Traffic in Elk Grove - 'The Best It Is Going to Be'

Towards the end of Elk Grove Mayor Gary Davis' "Greater Than Three" town hall meeting conducted a few weeks ago, an Elk G...

Towards the end of Elk Grove Mayor Gary Davis' "Greater Than Three" town hall meeting conducted a few weeks ago, an Elk Grove resident said something that came to mind while sitting at a standstill in Highway 99's carpool lane this morning just outside of Elk Grove.

"As for traffic, we are looking at the best it is going to be," Lynn Wheat told the town hall participants. "It is only going to get worse." 

As someone who has plied the commute on 99 between Elk Grove and Sacramento for close to 25 years, with slightly more than half in the carpool lane, Wheat's reminder is simple, but oh so true. 

During those 25 years, I have seen 99 widened from two lanes, carpool lanes extended on both sides of the highway from Mack Road to south of Elk Grove Boulevard, and the construction of new interchanges at Grant Line, Sheldon and Calvine roads.  

With the exception of about three years during the depths of the Great Recession, traffic has never flowed well in the regular lanes during commuter rush hours, but the HOV lane always moved fairly well. However, the flow in the carpool lane increasingly resembles the regular lanes. 

Notwithstanding today's rain, the typical carpool time over the last 12 months from the entry on Sheldon Road in Elk Grove to the exit on H Street in Midtown in Sacramento is averaging about 35 minutes. Remember, this is in the carpool lane.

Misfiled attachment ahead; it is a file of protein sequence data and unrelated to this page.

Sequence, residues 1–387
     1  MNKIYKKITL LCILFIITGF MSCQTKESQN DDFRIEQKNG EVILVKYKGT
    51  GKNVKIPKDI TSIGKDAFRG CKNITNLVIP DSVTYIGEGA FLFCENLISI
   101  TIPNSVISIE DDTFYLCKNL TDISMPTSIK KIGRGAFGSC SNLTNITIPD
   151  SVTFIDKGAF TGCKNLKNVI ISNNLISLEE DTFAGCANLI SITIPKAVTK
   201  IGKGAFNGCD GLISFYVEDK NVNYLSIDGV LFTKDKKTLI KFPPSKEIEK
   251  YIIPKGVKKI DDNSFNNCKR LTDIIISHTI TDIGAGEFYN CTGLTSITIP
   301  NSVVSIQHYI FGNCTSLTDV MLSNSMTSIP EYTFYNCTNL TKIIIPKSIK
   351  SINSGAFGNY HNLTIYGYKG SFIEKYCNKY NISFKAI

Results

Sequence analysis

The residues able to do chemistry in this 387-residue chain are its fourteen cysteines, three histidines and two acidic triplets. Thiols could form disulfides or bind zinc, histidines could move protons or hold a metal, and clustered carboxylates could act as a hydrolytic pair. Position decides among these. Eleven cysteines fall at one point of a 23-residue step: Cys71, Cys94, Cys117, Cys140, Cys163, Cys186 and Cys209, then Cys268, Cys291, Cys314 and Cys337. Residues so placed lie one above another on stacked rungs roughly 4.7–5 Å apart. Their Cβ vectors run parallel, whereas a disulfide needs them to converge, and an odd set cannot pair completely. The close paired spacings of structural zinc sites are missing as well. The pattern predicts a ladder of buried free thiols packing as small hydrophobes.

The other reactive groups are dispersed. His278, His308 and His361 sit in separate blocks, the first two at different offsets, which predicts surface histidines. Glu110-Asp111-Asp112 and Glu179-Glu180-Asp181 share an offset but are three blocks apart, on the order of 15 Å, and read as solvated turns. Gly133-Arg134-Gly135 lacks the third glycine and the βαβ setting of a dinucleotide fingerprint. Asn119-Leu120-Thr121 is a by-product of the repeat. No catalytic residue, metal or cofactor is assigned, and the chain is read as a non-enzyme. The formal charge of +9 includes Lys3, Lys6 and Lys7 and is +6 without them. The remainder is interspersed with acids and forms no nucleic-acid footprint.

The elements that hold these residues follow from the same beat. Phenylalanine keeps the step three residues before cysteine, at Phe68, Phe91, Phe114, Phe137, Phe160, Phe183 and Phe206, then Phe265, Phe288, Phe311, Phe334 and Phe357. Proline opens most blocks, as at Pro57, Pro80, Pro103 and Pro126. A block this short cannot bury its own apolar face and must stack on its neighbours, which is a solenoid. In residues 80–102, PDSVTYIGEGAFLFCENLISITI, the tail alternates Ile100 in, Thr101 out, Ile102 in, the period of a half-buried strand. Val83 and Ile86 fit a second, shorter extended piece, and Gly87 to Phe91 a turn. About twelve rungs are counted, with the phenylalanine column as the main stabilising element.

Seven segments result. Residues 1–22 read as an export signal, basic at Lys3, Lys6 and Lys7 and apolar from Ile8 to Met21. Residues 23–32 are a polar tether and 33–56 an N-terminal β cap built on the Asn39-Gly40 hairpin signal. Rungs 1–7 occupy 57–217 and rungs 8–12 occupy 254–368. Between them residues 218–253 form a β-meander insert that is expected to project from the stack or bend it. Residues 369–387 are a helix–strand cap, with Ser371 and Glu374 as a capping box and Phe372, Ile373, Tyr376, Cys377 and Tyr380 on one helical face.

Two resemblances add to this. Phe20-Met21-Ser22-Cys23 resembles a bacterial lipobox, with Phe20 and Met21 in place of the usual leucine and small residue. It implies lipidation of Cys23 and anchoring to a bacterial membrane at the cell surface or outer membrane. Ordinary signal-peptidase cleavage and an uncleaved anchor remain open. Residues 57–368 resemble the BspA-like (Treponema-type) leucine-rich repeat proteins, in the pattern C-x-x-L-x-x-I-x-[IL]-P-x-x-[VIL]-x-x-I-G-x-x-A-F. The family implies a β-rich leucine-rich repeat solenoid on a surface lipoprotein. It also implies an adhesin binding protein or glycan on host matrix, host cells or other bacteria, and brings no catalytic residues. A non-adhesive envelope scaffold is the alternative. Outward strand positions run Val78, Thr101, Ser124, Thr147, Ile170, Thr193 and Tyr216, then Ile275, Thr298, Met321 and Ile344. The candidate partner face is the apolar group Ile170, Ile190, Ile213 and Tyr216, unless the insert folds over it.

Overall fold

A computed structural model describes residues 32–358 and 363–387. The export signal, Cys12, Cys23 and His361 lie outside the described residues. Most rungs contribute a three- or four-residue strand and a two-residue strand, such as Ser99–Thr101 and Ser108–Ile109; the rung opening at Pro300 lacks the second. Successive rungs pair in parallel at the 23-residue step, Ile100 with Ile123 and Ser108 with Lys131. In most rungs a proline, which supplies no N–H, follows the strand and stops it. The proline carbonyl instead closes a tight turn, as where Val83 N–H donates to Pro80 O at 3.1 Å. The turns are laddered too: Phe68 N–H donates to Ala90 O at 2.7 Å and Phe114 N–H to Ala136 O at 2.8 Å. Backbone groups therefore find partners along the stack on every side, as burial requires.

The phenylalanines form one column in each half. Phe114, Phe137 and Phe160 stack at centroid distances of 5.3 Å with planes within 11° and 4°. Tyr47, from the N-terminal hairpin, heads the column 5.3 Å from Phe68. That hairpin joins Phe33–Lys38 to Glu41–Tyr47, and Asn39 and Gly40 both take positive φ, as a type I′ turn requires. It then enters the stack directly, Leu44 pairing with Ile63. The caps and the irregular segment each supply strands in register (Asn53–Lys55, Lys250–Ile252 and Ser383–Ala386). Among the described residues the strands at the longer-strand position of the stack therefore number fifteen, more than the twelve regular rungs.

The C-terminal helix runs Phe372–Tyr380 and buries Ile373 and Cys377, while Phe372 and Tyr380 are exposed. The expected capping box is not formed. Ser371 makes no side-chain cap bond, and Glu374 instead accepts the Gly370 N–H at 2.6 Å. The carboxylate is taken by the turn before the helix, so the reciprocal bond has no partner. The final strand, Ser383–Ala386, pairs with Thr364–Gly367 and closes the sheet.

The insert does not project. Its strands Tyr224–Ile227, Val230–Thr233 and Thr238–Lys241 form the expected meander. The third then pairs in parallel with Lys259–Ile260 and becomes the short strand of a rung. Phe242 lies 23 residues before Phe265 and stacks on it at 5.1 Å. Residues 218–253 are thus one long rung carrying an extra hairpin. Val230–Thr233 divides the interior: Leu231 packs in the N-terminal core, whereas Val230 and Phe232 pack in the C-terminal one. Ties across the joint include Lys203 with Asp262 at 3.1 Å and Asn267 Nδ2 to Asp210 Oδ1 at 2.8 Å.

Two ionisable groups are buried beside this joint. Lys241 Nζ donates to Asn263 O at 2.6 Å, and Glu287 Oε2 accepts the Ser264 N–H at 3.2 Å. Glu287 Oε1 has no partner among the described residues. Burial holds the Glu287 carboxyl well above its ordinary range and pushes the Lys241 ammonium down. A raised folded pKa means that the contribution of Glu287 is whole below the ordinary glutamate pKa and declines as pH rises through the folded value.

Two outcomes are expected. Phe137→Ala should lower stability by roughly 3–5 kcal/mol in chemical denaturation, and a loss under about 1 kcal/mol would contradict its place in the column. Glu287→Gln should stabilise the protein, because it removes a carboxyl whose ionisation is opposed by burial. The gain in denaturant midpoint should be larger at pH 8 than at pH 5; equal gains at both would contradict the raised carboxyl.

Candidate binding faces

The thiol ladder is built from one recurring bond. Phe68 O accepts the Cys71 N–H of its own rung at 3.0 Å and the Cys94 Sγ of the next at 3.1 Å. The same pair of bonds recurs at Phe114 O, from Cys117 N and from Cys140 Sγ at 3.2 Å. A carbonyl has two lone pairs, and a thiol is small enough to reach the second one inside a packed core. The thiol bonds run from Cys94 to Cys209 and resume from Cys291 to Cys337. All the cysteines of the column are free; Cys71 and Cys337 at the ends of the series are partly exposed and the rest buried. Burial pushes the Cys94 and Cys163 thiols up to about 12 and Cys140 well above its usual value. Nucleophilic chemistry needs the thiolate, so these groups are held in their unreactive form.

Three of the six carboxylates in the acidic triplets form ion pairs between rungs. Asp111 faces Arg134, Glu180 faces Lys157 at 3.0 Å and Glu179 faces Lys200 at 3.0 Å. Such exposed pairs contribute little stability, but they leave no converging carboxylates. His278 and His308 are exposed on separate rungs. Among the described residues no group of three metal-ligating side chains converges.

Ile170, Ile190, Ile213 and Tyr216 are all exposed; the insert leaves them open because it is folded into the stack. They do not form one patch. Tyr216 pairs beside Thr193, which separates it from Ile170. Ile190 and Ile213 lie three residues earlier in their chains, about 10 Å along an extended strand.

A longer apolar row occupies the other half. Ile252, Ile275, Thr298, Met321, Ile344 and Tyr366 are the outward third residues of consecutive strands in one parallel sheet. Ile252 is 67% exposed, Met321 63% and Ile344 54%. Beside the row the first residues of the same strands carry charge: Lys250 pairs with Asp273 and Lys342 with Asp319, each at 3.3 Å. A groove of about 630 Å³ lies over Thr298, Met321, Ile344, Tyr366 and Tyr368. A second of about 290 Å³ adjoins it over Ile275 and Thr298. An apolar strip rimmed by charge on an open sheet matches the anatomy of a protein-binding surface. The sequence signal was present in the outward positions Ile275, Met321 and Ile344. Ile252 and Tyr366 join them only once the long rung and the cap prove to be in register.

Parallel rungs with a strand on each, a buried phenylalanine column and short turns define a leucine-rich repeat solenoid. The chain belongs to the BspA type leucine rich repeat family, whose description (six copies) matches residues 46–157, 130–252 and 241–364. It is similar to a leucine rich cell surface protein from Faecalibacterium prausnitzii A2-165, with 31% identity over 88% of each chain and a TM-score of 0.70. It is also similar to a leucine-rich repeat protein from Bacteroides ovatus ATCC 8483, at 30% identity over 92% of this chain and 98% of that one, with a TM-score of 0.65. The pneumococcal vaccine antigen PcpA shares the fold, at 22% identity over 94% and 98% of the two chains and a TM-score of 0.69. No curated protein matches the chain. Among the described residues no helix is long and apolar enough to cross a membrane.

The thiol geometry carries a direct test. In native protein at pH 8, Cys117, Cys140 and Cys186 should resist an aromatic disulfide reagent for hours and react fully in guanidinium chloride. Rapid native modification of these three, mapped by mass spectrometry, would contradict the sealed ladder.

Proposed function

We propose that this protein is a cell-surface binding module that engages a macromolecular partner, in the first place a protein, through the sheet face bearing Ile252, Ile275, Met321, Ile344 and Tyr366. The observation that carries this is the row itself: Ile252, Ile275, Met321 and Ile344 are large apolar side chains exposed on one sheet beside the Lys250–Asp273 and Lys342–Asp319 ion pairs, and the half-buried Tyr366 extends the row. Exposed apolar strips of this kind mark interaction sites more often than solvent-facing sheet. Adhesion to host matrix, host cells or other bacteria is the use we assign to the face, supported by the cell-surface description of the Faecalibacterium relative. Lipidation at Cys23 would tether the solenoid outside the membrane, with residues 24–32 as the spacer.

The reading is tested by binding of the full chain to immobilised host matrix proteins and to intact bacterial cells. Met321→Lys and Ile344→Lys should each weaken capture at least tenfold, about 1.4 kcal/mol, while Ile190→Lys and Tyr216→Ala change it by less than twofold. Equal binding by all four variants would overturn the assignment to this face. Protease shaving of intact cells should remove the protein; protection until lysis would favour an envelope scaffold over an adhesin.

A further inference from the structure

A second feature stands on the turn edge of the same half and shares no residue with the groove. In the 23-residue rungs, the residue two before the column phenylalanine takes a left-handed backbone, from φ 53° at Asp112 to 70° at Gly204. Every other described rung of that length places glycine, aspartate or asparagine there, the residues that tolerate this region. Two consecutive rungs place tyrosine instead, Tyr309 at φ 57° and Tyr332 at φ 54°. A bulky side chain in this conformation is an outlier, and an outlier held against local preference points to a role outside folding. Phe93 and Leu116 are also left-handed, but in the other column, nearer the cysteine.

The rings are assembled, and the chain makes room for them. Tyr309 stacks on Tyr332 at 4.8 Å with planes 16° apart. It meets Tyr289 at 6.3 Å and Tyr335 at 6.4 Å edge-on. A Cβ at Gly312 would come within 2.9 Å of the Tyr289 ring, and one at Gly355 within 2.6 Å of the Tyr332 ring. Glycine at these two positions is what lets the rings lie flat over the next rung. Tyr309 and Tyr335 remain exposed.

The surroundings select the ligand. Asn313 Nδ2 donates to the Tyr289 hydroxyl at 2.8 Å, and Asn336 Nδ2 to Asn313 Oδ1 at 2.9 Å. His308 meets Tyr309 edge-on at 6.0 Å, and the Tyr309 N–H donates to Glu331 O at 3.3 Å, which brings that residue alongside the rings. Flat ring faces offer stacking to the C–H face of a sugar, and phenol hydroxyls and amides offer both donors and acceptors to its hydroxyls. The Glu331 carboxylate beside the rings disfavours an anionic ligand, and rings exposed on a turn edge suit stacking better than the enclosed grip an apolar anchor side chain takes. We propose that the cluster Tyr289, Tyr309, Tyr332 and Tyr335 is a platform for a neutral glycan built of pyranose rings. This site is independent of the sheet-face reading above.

Wheat is on the money  - under current conditions, this is "the best it is going to be."

As for solutions, there are plenty out there. The Elk Grove City Council will argue that the completion of the Southeast Connector will be a relief valve for traffic. 

It may help indeed relieve commuter traffic from Elk Grove to Rancho Cordova, Folsom and points northeast, but it will do little to help the commute to what is and will continue to be the area's main employment center - government jobs in Downtown Sacramento. 

In fact, it could be argued that the Connector, unless there is an almost immediate extension of Sacramento Regional Transit's Light Rail Blue Line, will exasperate the commute on 99 and I-5. We all know that along with the 500 homes already approved in the Southeast Policy Area (SEPA), if the Connector is completed, the cascade of rooftops will follow.

The City Council will also argue that the SEPA will become a major employment center and will continue to use that as justification for more rooftops. To that end, while the recent announcement of NRC's location to the SEPA, which still will not happen for a few more years is a step in the right direction, the city still has about another 22,000 jobs to go to meet its stated goal.

Do you think the current Councilmen will wait for all those jobs before they approve more rooftops in the SEPA or along the eventual Connector route? Anyone with even a passing knowledge of the Elk Grove City Council's behavior knows the answer to that question.    

But in case you don't know the history of the Elk Grove City Council, let me lay it out for your consideration. If you believe the Councilmen will wait for those jobs to come before they approve more rooftops, I have some pure-as-the-driven snow spring water rights from Flint, Michigan to sell you. 

So if you commute into Sacramento on 99 or I-5, and even if you are in the carpool lane or an eTran bus, take a look around you and remember the traffic because this is "The best it is going to be!"



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